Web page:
• hawaiianodysseus profile image

      Hawaiian Odysseus 4 years ago from Southeast Washington state

      Faythe, I have a floral vase figurine made in Thailand that I've been trying in vain to identify in greater detail. Seeing your photos, I instantly recognized that these were the same kinds of flowers that the artist who made the vase had recreated in ceramic. Your hub, then, turned out to be very useful to me but in a novel way. : ) Thanks so much for sharing, and the verses at the beginning were a nice touch. Aloha, Faythe!

      Joe

    working

    This website uses cookies

    As a user in the EEA, your approval is needed on a few things. To provide a better website experience, hubpages.com uses cookies (and other similar technologies) and may collect, process, and share personal data. Please choose which areas of our service you consent to our doing so.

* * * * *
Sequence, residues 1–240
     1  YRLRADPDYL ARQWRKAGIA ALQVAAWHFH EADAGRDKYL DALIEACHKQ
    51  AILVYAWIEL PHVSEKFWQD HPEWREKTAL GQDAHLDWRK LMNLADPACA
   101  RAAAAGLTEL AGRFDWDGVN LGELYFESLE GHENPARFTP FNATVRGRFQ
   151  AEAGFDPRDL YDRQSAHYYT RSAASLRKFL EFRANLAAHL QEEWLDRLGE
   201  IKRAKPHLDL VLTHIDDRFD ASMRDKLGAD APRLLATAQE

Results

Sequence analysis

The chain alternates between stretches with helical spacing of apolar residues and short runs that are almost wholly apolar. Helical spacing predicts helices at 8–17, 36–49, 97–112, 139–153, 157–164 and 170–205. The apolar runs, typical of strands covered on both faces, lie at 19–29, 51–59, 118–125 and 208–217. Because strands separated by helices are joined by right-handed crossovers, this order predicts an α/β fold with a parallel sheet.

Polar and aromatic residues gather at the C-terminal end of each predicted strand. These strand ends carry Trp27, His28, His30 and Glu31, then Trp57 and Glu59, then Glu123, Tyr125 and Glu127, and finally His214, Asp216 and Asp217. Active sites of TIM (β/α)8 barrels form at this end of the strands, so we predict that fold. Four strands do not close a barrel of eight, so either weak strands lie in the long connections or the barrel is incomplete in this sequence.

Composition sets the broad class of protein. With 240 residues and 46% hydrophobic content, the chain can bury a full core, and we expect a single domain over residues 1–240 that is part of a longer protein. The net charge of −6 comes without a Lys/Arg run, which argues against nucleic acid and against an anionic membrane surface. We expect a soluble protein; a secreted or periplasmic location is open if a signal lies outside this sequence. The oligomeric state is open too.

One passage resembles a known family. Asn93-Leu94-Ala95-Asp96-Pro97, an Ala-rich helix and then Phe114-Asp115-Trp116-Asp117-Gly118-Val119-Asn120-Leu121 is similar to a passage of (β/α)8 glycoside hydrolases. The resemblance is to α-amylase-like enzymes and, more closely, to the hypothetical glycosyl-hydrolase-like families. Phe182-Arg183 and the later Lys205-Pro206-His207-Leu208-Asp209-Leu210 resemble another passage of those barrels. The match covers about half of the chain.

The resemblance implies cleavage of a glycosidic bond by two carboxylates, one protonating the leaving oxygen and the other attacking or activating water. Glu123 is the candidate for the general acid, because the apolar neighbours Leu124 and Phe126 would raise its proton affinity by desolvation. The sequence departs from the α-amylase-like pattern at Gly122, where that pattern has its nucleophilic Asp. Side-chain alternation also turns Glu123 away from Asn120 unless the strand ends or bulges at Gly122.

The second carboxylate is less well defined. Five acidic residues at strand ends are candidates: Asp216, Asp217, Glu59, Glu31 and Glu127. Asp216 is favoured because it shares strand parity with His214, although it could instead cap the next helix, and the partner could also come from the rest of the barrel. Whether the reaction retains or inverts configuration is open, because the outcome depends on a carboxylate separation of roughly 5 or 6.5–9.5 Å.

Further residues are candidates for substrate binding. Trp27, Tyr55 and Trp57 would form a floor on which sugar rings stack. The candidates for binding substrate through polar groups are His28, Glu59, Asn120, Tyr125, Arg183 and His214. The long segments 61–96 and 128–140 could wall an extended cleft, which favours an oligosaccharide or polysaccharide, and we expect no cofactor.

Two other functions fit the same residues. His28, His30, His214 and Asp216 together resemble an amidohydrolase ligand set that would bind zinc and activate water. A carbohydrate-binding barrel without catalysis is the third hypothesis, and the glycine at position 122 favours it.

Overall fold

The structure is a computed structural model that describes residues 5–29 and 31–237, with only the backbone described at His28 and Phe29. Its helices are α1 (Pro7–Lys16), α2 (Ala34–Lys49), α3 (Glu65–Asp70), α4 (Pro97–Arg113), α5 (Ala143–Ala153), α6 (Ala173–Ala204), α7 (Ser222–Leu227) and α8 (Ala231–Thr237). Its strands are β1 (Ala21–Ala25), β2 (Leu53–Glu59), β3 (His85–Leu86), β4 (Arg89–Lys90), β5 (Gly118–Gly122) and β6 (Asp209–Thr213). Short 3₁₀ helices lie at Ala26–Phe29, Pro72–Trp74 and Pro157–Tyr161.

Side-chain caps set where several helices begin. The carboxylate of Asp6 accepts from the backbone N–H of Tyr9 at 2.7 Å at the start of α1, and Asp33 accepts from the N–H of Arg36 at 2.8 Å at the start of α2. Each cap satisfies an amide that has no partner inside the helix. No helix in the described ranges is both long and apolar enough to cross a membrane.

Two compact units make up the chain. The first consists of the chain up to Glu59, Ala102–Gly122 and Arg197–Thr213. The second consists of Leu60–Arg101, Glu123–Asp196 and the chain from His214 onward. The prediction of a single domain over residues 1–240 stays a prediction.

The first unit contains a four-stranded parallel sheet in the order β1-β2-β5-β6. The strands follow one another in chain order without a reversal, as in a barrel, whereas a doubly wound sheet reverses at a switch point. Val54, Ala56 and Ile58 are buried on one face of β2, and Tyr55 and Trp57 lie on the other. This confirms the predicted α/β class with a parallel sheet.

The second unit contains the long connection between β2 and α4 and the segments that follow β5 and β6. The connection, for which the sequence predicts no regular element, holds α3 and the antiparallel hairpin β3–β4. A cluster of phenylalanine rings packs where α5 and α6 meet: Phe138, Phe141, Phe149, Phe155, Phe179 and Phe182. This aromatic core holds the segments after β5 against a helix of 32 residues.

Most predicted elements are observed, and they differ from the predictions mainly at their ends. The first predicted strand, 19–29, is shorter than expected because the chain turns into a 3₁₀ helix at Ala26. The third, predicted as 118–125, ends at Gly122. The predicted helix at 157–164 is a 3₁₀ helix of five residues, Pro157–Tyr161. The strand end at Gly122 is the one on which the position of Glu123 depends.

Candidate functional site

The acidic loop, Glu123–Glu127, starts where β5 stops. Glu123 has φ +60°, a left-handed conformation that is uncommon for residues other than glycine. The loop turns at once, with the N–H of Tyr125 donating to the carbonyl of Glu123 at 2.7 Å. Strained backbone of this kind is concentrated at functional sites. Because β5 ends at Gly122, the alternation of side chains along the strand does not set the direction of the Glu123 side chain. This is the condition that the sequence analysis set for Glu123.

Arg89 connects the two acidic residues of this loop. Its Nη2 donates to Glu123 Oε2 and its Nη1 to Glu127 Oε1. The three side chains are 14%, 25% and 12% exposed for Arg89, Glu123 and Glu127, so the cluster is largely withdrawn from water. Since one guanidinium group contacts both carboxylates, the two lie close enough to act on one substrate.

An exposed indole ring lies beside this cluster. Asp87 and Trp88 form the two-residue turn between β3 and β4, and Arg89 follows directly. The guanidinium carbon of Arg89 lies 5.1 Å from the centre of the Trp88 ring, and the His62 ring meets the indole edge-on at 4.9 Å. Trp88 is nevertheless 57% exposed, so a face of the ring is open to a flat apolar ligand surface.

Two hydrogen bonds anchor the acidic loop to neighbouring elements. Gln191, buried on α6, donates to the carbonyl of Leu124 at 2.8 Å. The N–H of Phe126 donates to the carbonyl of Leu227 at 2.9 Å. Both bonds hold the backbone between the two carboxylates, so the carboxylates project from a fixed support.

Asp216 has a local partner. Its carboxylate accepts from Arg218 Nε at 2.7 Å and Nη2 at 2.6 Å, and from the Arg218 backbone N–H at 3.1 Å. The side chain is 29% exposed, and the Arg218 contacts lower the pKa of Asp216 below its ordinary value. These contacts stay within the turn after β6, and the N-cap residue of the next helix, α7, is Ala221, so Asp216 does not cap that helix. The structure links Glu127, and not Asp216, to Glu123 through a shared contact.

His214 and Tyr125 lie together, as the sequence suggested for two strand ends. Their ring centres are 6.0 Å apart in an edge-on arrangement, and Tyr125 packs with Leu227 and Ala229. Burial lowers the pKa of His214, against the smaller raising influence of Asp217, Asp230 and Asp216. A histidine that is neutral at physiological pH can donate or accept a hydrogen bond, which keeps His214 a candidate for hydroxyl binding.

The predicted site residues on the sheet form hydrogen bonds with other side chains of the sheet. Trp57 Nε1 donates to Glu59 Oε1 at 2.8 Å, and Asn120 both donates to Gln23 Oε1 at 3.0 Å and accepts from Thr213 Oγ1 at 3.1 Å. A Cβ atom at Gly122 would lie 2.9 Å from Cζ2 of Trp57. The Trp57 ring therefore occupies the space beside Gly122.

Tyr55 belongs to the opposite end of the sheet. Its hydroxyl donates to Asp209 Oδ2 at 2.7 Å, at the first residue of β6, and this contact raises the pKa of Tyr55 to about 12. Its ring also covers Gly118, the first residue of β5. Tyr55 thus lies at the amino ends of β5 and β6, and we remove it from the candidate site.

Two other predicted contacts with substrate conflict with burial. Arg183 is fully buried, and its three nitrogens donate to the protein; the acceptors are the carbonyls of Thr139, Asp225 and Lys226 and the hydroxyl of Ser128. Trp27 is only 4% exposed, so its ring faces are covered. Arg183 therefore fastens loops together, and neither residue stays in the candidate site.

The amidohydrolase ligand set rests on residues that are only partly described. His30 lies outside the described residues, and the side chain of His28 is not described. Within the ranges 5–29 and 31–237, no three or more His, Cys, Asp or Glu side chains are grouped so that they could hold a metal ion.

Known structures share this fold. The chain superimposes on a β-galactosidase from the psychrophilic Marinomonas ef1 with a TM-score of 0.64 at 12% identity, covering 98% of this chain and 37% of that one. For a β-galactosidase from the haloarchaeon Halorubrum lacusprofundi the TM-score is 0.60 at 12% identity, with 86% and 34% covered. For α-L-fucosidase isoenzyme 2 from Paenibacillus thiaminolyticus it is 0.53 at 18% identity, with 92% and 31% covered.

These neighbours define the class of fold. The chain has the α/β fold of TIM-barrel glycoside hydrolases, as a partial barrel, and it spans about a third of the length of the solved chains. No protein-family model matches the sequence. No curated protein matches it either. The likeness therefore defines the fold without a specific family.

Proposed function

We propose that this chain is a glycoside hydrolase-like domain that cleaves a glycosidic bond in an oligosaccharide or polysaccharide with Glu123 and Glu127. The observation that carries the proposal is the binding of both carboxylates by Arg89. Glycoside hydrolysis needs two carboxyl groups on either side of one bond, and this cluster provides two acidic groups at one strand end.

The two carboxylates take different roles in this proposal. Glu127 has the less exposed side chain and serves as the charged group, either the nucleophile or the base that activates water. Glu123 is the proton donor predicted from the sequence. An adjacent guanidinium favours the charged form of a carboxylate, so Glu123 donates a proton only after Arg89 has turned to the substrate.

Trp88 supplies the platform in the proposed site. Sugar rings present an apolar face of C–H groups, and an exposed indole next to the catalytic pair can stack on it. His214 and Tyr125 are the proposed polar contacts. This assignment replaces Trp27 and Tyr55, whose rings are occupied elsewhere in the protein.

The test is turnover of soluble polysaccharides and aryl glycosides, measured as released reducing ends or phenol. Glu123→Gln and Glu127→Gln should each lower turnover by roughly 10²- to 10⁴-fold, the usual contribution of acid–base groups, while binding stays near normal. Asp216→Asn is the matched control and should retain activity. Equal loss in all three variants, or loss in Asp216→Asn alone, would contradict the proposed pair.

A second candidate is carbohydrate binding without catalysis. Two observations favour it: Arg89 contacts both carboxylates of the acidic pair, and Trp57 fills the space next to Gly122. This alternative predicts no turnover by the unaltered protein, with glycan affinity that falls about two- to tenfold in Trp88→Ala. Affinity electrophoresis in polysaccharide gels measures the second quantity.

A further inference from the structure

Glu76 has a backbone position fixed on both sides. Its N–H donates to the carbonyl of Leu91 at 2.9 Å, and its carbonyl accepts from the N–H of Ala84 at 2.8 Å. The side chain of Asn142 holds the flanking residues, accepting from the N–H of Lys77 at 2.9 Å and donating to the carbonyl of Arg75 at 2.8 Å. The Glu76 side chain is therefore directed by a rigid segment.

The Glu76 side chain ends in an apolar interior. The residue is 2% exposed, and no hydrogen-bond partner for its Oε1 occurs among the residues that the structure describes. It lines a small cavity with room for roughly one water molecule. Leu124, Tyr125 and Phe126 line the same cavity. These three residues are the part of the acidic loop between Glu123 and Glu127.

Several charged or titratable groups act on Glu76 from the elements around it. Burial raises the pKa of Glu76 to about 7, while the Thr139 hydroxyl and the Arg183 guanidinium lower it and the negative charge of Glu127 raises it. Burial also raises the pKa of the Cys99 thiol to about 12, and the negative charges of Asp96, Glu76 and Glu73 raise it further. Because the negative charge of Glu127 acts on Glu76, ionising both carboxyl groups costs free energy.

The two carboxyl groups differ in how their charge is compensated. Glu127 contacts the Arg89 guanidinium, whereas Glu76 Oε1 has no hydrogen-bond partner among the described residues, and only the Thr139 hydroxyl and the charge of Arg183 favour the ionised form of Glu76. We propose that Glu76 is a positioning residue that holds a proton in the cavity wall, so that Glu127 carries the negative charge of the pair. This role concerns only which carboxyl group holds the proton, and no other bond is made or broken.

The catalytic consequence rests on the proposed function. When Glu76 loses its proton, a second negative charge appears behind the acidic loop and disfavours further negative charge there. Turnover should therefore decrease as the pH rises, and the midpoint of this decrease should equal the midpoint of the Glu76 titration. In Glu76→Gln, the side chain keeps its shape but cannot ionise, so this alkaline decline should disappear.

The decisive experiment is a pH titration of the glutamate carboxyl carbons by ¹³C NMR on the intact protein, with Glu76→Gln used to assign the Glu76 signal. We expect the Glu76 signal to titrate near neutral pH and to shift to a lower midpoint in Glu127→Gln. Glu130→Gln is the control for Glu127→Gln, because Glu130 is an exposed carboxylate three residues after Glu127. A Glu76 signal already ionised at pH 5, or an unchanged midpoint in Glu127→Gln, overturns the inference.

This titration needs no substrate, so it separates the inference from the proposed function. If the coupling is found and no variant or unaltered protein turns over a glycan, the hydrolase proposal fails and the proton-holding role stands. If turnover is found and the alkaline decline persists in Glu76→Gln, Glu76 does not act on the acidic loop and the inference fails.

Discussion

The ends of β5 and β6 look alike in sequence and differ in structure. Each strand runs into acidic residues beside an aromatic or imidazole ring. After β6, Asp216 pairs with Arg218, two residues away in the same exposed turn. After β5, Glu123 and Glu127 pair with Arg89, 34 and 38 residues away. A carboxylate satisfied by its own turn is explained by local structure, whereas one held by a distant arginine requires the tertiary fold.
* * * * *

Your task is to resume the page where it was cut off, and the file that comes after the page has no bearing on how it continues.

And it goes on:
For more information on managing or withdrawing consents and how we handle data, visit our Privacy Policy at: "https://hubpages.com/privacy-policy#gdpr"

    Show Details
    Necessary
    HubPages Device IDThis is used to identify particular browsers or devices when the access the service, and is used for security reasons.
    LoginThis is necessary to sign in to the HubPages Service.
    Google RecaptchaThis is used to prevent bots and spam. (Privacy Policy)
    AkismetThis is used to detect comment spam. (Privacy Policy)
    HubPages Google AnalyticsThis is used to provide data on traffic to our website, all personally identifyable data is anonymized. (Privacy Policy)
    HubPages Traffic PixelThis is used to collect data on traffic to articles and other pages on our site. Unless you are signed in to a HubPages account, all personally identifiable information is anonymized.
    Amazon Web ServicesThis is used to collect data on traffic to articles and other pages on our site. Unless you are signed in to a HubPages account, all personally identifiable information is anonymized. (Privacy Policy)